When the Republic of Ireland voted to remove constitutional protections for the unborn in May of last year, many pro-choice supporters began chanting, “The North is next!”

Northern Ireland is under the jurisdiction of the United Kingdom, but was exempted from the Abortion Act of 1967 that legalized it in the rest of the UK. In fact, for decades opposition to abortion seemed to be the only issue that united the Presbyterian Protestant majority and Catholic minority in the North.

However, attitudes are changing. A Sky Date poll from April showed 54 percent of Northern Ireland supported legalizing abortion, with only 30 percent opposed. With two-thirds of the electorate in the south voting to legalize abortion last year, many abortion activists feel the time is ripe to target the North’s unique - and now isolated - position.

This week, the pro-life protections in Northern Ireland were removed in a series of amendments to the Northern Ireland (Executive Formation) Bill, that had the primary function of dealing with the exercise of government functions in Northern Ireland, since the power-sharing agreement collapsed in January 2017. The amendments would also impose same-sex marriage in the North, which is already legal in the rest of the UK and the Republic of Ireland.

What should have been a standard legislative procedure was “hijacked” - in the words of Archbishop Eamon Martin of Armagh - by pro-choice members of the British parliament earlier this week.

The House of Lords didn’t put up much resistance, and there is little standing in the way of legal abortion being introduced in Northern Ireland, if the power-sharing government isn’t re-established by October, which isn’t likely.

The Catholic bishops of Northern Ireland are appealing to the prime minister to stop the bill, asserting it violates the principals of the 1998 Good Friday Agreement, which ended “The Troubles,” the 30 years of sectarian violence which led to the deaths of over 3,500 people.

The agreement calls for a devolved government in Northern Ireland, which must include representatives of both the Protestant and Catholic communities.

The pact has come under a lot of pressure recently, not only due to the collapse of the devolved government over two years ago, but also because of the looming Brexit, since many of the guarantees in the Good Friday Agreement were undergirded by the UK and Ireland both being in the European Union.

This week’s actions in the UK Parliament would be the most drastic changes to Northern Ireland imposed by London in over 20 years.

“The equal right to life, and love, of a mother and her unborn child is so fundamental to the common good of every society that citizens deserve the fullest participation in the democratic debate about the legislation which governs it. This also applies to decisions regarding the nature of marriage. What is happening in Westminster during these days recklessly undermines this fundamental right of citizens and the principle of devolution at the heart of the Good Friday Agreement. It should be a matter of grave alarm for every citizen in Northern Ireland and all who cherish the right to life as the most fundamental of all human rights,” the bishops of Northern Ireland said in a July 17 statement.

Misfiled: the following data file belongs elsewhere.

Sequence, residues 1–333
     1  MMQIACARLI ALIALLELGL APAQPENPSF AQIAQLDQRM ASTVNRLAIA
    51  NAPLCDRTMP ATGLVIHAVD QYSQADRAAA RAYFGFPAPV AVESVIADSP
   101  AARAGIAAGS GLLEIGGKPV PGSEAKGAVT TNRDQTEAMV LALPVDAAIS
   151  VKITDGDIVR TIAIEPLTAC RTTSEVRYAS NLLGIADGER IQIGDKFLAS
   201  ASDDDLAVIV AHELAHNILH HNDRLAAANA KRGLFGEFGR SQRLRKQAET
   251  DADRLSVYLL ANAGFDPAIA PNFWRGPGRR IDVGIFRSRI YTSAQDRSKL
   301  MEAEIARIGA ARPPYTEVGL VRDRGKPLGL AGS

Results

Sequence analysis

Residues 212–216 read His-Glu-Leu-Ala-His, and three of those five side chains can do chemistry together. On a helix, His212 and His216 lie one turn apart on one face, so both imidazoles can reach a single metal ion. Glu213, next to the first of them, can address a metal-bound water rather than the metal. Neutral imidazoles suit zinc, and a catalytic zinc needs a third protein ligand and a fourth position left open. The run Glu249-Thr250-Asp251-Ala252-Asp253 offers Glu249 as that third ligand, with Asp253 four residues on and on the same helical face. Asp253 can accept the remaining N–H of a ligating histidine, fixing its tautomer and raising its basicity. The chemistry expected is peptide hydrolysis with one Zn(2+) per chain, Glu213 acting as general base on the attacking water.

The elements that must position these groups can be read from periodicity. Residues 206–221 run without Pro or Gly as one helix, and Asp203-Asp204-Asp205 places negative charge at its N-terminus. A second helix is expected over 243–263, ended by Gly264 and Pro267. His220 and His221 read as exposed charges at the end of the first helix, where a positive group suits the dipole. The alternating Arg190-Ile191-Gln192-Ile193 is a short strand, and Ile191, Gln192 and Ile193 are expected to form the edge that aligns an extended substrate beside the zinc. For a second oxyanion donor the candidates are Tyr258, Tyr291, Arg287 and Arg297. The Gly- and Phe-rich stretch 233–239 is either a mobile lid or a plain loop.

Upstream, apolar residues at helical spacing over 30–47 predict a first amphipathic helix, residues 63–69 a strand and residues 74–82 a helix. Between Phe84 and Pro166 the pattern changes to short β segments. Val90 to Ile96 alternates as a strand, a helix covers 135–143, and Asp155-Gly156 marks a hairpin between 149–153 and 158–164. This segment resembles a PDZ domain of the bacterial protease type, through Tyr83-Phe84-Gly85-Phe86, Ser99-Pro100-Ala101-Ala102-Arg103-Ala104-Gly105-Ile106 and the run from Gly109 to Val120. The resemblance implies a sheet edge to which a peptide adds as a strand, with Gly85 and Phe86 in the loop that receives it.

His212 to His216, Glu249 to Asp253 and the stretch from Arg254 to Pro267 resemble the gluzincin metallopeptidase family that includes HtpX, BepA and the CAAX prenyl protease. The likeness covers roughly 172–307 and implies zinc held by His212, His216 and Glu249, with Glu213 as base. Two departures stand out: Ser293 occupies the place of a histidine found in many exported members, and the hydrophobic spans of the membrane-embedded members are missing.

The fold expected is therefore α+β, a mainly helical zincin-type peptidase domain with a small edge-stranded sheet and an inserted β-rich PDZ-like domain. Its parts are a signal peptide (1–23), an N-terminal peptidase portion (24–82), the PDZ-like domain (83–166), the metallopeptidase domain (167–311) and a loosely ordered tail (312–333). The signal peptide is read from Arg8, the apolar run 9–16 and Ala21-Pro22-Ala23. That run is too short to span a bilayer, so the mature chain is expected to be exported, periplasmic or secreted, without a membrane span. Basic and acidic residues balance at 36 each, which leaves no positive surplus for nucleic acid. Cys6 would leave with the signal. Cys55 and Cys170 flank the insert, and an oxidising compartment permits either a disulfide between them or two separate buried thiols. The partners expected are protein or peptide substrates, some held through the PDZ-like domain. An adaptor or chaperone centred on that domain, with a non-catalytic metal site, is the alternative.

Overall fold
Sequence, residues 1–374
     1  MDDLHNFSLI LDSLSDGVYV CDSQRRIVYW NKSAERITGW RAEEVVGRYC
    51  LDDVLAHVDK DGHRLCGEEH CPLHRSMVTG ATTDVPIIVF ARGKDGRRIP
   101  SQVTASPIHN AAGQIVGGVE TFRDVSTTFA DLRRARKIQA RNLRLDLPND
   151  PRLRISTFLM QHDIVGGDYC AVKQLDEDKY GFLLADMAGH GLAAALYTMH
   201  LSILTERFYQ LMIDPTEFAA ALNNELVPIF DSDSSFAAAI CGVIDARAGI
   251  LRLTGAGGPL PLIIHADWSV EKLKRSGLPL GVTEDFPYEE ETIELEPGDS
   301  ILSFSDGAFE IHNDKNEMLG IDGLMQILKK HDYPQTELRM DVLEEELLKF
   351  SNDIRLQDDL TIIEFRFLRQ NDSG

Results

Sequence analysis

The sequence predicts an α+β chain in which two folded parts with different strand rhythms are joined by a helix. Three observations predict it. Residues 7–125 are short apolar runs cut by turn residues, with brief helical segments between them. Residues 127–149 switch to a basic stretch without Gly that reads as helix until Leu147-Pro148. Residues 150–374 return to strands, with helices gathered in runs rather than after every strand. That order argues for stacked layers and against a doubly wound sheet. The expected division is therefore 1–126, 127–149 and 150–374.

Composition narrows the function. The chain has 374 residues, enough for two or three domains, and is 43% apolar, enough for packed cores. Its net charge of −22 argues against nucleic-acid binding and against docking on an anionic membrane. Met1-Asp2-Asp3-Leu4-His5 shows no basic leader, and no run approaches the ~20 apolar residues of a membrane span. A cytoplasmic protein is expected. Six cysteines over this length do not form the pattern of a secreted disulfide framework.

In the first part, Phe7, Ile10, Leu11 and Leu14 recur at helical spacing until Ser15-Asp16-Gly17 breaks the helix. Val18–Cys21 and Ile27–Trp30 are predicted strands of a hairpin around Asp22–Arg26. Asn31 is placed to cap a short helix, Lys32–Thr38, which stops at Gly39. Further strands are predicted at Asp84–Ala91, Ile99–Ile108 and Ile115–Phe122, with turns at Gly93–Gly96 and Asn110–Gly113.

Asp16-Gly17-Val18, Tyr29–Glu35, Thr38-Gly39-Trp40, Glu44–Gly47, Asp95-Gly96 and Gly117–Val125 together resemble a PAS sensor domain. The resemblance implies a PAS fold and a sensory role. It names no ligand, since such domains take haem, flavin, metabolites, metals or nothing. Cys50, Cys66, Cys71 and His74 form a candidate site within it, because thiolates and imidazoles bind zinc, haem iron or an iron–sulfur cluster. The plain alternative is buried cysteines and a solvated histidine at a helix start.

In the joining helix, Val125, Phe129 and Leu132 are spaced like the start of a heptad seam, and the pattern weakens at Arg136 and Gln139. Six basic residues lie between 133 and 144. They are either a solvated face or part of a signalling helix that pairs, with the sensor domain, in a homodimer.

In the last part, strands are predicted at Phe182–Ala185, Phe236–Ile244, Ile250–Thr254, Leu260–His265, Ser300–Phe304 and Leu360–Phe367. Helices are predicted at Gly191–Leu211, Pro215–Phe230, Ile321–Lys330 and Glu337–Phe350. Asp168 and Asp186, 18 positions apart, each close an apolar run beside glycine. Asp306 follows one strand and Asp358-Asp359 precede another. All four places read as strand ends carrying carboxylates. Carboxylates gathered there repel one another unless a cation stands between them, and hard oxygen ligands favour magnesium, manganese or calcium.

Lord David Alton, a Catholic member of the House of Lords from England, noted the parliamentary vote happened “despite the knowledge that the democratically elected Northern Ireland Assembly voted in 2016 by a clear majority not to change its law on abortion in any way,” and “that there was no public consultation and no warning” before the legislation was passed.

“To make matters even worse, 100 percent of those voting to change its laws represented constituencies from outside Northern Ireland and 100 percent of Northern Ireland Members of Parliament who were present voted against it. How can the British Parliament treat part of the United Kingdom with such utter contempt?” Alton asked.

It wasn’t just the Catholics concerned about the imposition of London’s will on Northern Ireland.

“We are being very selective to legislate on some of the most contentious and divisive issues on which there is no consensus, but leave aside hundreds of other issues on which there is consensus that there should be action taken,” said Nigel Dodds, a member of the Democratic Unionist Party (DUP).

Despite this, the vote in Parliament hasn’t caused a constitutional crisis, or even a huge outcry from Northern Ireland’s political parties (which are separate from the major parties in the rest of the UK.)

Even Sinn Fein, the Nationalist party that served as the political wing of the Irish Republican Army, has been quiet about the issue.

Observers have noted that the party has been officially pro-choice since abortion was legalized in the Republic of Ireland - in fact, members are not allowed to vote pro-life in either the Dáil in the Republic, or the Legislative Assembly in the North - and the Westminster bill helps them achieve their legislative aims. (Sinn Fein members elected to the Westminster parliament refuse to take their seats, since it involves an oath to the queen.)

The SDLP - the more moderate Nationalist party - is officially pro-life, but allows its members to dissent on the issue.

(Despite representing the Catholic community in the North, both Sinn Fein and the SDLP support same-sex marriage.)

This leaves pro-life Catholics in an awkward position, since the only party in a position to stop the looming legislation is the DUP, which is historically virulently anti-Catholic.

The UK’s ruling Conservative government doesn’t have a majority in Parliament, and depends upon the support of the 10 DUP members.

The question is whether the DUP have the political will to use this position to pressure their government allies to stop the legislation.